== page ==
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Bomb Detectors Inspired By The Gentle Silk Moth

Moths use their antennae to find potential mates. We’ve updated that technology for a less harmonious purpose: to find explosives.

Bombs and explosives leave a telltale chemical trace in the air around them. To detect these tiny amounts of airborne volatile chemical explosives, alert squads at airports and elsewhere rely on the olfactory talents of sniffer dogs. But as dependable as Fido and his friends may be, canine bomb detectors are expensive to train and tire out easily. And when they get tired on the job, disaster can strike.

A new, less cuddly method to detect airborne traces of explosives like TNT takes inspiration from one of nature’s other super sniffers. This new detecting technique is modeled on the architecture of the silk moth antenna, the plush appendages that fan outwards from the head of the males of the species.

The antenna serves a crucial role and is essential for the species’ survival—it’s the part of the moth that detects single molecules of pheromones in the air, leading a male moth to its mate. The antennae bristle with fine hairs that are continuously vibrating at a regular frequency. When a pheromone molecule lands on a hair, the vibration changes, tipping off a sensory alarm.

The architecture of the bomb detectors are based on this same principle. They’re coated with nanotubes made of titanium dioxide which is selectively sticky for TNT molecules. Like the hairs on the silk moth antennae, they’re supported on a stalk at one end, and continuously quiver, sort of like a steadily oscillating diving board.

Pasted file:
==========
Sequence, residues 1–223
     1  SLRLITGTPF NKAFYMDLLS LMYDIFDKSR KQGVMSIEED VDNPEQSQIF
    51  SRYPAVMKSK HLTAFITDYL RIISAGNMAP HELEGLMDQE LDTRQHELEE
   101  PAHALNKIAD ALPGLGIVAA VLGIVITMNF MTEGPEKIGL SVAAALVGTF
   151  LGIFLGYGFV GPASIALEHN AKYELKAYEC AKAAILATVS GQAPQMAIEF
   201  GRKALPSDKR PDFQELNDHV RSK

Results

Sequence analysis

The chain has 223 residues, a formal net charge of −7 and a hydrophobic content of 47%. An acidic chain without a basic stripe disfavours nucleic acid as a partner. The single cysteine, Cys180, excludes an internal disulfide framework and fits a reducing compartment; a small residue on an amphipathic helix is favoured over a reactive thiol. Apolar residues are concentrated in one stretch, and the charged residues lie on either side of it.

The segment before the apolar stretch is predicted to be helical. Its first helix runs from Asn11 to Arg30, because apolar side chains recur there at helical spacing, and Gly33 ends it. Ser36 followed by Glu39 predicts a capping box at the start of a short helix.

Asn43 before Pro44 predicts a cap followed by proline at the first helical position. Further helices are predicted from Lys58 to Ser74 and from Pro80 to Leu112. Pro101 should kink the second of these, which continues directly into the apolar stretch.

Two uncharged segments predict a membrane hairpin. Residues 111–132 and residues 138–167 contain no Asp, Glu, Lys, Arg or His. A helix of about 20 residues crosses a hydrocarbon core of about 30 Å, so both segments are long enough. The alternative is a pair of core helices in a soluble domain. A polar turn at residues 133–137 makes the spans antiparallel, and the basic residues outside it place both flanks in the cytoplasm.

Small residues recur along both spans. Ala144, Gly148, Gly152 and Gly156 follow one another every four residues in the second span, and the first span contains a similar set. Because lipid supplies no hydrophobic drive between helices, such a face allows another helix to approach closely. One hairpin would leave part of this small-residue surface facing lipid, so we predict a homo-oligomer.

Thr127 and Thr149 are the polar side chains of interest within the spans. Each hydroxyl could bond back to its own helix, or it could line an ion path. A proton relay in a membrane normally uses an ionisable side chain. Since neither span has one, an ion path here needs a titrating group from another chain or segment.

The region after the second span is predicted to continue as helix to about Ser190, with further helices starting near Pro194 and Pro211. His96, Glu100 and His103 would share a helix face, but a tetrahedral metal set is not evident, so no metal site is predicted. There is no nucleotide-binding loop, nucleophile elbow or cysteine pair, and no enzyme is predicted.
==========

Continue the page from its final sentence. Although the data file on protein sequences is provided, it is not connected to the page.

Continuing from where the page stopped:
All that changes when there’s a tiny amount of TNT in the air at close range. When a TNT molecule lands on a swaying nanotube, it changes the frequency at which it moves. That change is fed back into the sensory system of the detector, indicating the presence of an explosive nearby.

Taken together, the titanium dioxide coating and the vibrating nanopores give the system its unique sensitivity, up to one part per trillion. "The system answers in real time so you can put the sensors in luggage rooms at the airport," Denis Spitzer, who built the system says. His research is funded in part by a French defense agency, and Spitzer is also gunning for military applications for the sensors.

Future versions of this setup will have different classes of bristles picking up different molecules—a single stalk will be able to detect more than one kind of explosive. "A first step will be to make it even more sensitive than it is now," says Spitzer.

A clear advantage to this is that the device can carry out a detection in real time, though, Spitzer says they have yet to test if the system can measure explosives from far away. A version of the detector made with different materials could detect tiny amounts of chemicals in water as well, Spitzer says.